Settlement brewing in Pfister’s wrongful-death claim

Rick Carroll
The Aspen Times
Nancy Masson and her late ex-husband

The wife of William Styler, convicted of killing Aspen native Nancy Pfister, has yet to respond to a wrongful-death claim against her because a settlement is pending.

That’s according to court documents filed last week in plaintiff Juliana Pfister’s claim against Nancy Masson, who previously went by Nancy Styler, in her personal bankruptcy case. Juliana Pfister, the daughter of Nancy Pfister, filed the adversary action Feb. 26 in the U.S. Bankruptcy Court of the Eastern Division of Massachusetts, the venue for the case.

“The parties have reached an agreement in principle that is expected to lead in a few weeks to the parties being able to dismiss this adversary proceeding,” said a brief filed Monday by attorneys for both Pfister and Masson.

Neither returned phone messages this week. Pfister’s Aspen attorney, David Bovino, declined comment, as well.

This week’s brief was the fifth motion filed by Pfister and Masson seeking to extend filing deadlines in the case.

Masson declared bankruptcy in July. On Aug. 6, William Styler, whom she divorced earlier in 2015, hanged himself in a Canon City prison. Styler, 67, was serving a 20-year sentence for the second-degree murder of Nancy Pfister, who was slain at her Buttermilk Mountain home in February 2014.

Styler’s death triggered a $1 million life-insurance payment to Masson. The bankruptcy court approved $150,000 of those funds to be managed by the case’s trustee. But in March, after Juliana Pfister filed the adversary action to the bankruptcy case, Judge Joan N. Feeney froze the remaining $850,000 that Masson collected pending the outcome of the wrongful-death claim.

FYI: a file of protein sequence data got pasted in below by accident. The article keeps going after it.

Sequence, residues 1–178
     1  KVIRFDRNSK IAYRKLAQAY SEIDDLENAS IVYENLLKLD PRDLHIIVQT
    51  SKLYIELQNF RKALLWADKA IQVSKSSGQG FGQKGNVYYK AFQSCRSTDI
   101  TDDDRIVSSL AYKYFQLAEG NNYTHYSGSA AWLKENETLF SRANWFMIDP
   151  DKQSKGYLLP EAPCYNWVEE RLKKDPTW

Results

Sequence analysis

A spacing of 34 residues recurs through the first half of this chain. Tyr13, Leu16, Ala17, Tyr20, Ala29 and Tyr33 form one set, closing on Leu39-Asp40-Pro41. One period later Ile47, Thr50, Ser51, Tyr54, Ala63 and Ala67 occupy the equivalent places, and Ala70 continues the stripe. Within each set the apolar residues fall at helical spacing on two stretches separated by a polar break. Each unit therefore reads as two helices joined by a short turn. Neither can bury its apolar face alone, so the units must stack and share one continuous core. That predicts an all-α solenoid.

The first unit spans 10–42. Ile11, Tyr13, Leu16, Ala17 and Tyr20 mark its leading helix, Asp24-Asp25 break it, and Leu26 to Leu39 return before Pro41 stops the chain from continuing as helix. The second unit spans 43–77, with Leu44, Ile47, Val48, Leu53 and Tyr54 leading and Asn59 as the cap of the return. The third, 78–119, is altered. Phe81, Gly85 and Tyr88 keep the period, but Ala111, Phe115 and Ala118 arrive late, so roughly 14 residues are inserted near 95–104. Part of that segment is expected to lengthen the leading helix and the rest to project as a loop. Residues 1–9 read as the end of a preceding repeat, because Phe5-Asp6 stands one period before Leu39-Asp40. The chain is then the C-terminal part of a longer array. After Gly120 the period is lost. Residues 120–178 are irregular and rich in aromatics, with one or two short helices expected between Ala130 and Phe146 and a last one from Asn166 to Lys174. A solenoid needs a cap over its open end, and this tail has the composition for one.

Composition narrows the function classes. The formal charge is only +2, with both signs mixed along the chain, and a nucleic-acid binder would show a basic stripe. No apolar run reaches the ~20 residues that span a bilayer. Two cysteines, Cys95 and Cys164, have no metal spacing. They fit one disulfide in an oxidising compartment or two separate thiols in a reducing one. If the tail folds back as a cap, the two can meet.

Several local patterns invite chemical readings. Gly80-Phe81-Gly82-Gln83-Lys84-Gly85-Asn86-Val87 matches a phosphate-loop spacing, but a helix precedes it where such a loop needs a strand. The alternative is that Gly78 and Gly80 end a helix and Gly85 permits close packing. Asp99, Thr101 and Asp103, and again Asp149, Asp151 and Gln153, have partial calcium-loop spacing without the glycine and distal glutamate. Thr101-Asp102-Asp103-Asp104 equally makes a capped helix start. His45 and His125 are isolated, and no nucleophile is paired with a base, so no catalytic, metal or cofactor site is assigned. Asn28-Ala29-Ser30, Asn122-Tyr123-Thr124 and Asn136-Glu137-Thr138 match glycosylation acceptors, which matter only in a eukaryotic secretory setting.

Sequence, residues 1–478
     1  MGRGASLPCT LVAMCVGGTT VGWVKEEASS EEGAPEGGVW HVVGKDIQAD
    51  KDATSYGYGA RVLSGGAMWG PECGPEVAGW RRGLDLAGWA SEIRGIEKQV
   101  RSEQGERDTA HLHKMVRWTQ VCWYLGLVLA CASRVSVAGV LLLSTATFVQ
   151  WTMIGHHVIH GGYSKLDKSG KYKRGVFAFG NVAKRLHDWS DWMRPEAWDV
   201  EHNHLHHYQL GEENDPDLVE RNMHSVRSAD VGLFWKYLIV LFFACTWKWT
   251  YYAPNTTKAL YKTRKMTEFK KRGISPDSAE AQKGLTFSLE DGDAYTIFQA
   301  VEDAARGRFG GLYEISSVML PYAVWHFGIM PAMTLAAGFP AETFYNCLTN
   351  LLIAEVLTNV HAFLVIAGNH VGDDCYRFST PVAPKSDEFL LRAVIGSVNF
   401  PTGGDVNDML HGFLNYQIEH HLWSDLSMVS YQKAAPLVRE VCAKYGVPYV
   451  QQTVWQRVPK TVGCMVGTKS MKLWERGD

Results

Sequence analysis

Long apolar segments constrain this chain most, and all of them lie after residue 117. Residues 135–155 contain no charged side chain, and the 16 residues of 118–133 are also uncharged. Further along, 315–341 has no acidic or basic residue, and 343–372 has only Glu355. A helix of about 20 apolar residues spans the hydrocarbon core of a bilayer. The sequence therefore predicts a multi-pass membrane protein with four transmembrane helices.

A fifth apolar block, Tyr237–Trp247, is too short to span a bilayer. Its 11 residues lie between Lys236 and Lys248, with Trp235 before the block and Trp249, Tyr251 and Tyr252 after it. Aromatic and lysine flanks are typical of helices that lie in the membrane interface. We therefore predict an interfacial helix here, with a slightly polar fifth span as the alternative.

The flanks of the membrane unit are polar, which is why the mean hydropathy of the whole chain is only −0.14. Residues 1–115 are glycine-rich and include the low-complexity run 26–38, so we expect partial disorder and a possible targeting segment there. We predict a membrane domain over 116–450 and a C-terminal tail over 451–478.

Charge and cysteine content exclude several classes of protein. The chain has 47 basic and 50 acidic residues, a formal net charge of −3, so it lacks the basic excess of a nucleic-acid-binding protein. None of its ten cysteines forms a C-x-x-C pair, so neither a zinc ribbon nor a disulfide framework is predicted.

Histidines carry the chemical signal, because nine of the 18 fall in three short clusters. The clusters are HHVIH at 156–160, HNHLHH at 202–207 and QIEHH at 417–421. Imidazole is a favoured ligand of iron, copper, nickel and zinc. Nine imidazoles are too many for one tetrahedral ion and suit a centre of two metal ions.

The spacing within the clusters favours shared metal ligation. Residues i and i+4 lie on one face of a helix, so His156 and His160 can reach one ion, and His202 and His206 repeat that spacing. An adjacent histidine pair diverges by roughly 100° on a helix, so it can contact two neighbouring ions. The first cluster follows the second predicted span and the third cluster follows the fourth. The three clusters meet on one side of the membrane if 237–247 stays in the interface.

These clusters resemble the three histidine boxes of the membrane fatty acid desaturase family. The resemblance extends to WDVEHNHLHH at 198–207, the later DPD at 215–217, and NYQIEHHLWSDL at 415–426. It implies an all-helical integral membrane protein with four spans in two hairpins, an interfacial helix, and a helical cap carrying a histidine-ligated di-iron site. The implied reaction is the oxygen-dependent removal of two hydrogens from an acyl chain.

Bovino called the judge’s order a “huge win” at the time.

Masson, once charged in Nancy Pfister’s murder before her then-husband confessed to authorities in June 2014 that he acted alone, introduced a sworn affidavit in March saying she did not “participate in any way in the murder of Nancy Pfister.”

Juliana Pfister’s wrongful-death action contends Masson did, arguing that her then-husband wasn’t physically equipped to pull off the murder by himself. Nancy Pfister was found beaten to death from hammer strikes to her head. Her body, which was placed in a closet, was wrapped from the neck down in a heavy-duty trash bag. Her neck was wrapped with an electrical extension cord, her head shrouded in kitchen trash bags, the suit says. She was 57.

Juliana Pfister originally filed a wrongful-death lawsuit in January against Masson in Pitkin County District Court. That case, however, was put on hold after she filed an identical claim in Masson’s Chapter 7 case.

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